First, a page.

Idea: Get Ready for an Internet With No Screens
According to the analytics we use to keep up with Idea Email, we know there’s a 25 percent chance you’re reading this on a smartphone, most likely an iPhone. More important, those analytics remind us there was only a 15 percent chance that you’d read Idea Email on a smartphone in 2013, when we advised you to “Design first for the smallest screen.“
We hope you followed that advice. Today, a website’s design must be friendly on small screens or the site will disappear from Google’s mobile search results. (Google’s rationale: If the user can’t view your site comfortably, why lead them there with a high-ranking link?)
You may think we’re about to suggest that you devote resources to developing content for an even smaller screen: the Apple Watch. But that would be so, well, 2015. We’re going to jump past the tiny screen era and advise you to start considering what customer content will be like when there are billions of devices with NO screens hooked into the internet.
Entrepreneurs leading the charge into this future call it the “internet of things.”
Tony Fadell, formerly one of the key product developers at Apple (and known as one of the fathers of the iPod), is the CEO and founder of Nest, the internet-enabled thermostat and security system acquired by Google. He recently pointed to a near future (2020) where 25 billion devices that don’t currently fit within our understanding of the internet will become as smart as any screen device. “With smaller processors, wider networks and more sources of energy, it won’t be long before everything around us becomes a computer, from our headphones to our chairs,” Fadell says.
In other words, it’s important to begin thinking about smart products that don’t fit around wrists or into our pockets. Soon, more products (such as Fadell’s thermostats and security devices) will come pre-loaded with all the technology necessary to allow the products to interact via the internet with one another, with you and with anyone or anything that its owners designate.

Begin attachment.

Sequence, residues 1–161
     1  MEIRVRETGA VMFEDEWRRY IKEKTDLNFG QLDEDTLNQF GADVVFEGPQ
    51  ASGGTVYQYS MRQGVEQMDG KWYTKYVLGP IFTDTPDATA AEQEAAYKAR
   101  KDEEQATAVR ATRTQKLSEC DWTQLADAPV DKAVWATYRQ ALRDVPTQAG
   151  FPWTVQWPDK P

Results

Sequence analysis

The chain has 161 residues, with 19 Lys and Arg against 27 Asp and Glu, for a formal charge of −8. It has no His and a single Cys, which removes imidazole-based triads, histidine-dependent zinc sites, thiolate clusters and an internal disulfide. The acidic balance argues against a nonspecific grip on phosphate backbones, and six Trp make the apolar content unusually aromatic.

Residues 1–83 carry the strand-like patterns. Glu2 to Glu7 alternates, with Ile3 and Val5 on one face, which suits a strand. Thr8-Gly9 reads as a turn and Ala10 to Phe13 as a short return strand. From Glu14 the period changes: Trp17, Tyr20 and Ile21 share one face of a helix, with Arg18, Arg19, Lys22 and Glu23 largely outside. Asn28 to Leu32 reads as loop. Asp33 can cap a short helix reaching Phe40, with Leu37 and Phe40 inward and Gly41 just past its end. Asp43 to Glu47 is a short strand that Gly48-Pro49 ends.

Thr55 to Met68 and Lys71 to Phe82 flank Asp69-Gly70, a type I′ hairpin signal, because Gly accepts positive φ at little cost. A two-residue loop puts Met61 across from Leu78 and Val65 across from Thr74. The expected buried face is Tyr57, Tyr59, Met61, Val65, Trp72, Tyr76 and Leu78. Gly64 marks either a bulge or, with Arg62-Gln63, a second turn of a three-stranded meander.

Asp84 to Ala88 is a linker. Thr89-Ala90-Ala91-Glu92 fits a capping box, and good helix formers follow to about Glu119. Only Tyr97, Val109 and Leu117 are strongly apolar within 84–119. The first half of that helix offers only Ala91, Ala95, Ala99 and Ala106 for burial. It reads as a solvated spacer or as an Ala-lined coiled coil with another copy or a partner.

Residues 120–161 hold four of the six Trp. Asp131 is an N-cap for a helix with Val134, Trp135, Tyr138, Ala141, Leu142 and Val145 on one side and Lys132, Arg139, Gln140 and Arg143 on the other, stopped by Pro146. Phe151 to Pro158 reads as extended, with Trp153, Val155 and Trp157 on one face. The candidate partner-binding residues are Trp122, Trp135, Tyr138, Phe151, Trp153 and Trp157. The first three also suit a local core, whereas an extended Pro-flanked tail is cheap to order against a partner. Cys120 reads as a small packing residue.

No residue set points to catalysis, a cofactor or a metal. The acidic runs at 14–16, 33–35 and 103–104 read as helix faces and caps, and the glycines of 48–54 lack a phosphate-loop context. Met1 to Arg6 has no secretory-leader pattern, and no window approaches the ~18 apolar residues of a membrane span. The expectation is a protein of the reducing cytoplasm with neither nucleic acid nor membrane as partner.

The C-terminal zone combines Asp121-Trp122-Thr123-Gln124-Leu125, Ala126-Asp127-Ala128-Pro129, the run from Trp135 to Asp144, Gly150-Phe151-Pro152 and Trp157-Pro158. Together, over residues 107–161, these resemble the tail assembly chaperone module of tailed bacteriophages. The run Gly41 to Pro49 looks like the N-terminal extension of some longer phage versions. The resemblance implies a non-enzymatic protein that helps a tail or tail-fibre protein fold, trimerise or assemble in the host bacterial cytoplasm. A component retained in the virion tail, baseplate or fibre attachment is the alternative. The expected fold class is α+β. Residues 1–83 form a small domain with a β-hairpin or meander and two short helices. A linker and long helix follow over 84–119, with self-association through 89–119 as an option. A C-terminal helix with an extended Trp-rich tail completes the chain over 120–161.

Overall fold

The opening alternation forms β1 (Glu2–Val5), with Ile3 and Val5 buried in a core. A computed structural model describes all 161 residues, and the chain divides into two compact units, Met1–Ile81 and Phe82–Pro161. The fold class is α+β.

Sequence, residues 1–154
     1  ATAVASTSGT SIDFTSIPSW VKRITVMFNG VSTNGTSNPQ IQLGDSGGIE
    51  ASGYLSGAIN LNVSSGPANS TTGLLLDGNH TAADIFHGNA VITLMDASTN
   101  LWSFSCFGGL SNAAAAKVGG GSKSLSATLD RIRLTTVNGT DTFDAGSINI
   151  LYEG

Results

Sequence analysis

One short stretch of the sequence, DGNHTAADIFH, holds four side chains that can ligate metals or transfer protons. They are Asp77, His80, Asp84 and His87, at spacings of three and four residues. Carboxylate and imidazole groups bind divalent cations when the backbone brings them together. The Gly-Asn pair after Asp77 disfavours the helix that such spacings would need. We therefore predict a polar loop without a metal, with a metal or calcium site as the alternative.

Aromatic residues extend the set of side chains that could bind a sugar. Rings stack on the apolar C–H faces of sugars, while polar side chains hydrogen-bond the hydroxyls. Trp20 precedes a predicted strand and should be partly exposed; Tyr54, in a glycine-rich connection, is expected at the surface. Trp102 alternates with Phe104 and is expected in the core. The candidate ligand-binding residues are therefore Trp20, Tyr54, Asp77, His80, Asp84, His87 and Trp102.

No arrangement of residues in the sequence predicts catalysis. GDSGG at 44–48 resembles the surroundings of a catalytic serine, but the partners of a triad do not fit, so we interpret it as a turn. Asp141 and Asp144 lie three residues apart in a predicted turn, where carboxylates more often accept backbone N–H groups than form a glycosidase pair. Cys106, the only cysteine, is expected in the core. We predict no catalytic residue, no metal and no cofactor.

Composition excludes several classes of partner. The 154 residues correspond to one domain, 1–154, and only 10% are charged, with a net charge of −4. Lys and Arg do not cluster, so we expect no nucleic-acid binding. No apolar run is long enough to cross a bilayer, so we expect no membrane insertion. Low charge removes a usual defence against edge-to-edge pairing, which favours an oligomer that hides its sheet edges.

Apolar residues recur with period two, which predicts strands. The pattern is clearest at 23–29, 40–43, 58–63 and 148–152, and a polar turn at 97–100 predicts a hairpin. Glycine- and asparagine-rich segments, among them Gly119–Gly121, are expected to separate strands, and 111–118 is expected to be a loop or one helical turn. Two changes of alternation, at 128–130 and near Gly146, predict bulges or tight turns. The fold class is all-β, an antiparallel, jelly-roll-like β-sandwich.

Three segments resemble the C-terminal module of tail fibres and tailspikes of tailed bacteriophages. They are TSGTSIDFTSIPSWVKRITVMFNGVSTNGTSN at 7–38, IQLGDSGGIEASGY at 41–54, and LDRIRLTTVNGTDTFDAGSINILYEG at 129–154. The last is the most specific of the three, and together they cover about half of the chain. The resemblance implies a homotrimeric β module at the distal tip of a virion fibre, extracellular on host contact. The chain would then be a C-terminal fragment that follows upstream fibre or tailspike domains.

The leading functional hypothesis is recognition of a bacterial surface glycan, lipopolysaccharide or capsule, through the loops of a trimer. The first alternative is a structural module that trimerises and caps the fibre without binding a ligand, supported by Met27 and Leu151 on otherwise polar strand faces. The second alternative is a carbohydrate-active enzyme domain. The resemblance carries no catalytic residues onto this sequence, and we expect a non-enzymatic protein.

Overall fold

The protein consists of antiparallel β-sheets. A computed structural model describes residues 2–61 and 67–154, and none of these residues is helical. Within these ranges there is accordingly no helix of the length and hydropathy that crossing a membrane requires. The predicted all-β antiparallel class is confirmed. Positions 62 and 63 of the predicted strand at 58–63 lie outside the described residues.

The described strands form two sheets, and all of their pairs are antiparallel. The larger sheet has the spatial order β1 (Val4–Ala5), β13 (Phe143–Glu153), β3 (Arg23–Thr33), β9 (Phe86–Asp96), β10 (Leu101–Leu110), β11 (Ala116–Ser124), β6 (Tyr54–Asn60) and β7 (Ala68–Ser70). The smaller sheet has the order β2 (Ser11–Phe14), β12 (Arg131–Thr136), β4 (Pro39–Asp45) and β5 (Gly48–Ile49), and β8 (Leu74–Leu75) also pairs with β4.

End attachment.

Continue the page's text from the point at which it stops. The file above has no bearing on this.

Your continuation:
What does this mean for marketers? It’s time to move beyond the popular understanding of content as a means to tell customers about products and realize that both data and content will be embedded into the products themselves. For instance, have you wondered why QR code stickers are appearing on rental car driver-side windows? We hadn’t either, until we discovered the code leads to information about that specific model of car.
In the future, such helpful content won’t require an iPhone, Apple Watch or a QR code printed on a sticker to access. A granddaughter of Siri will be able to answer everything about the car we’ve rented with no screens involved.
At some point, content will not be about promoting your products. Content will become one of the most important features in your product.
Photo: Rex Hammock via Flickr, (CC BY-SA 2.0)
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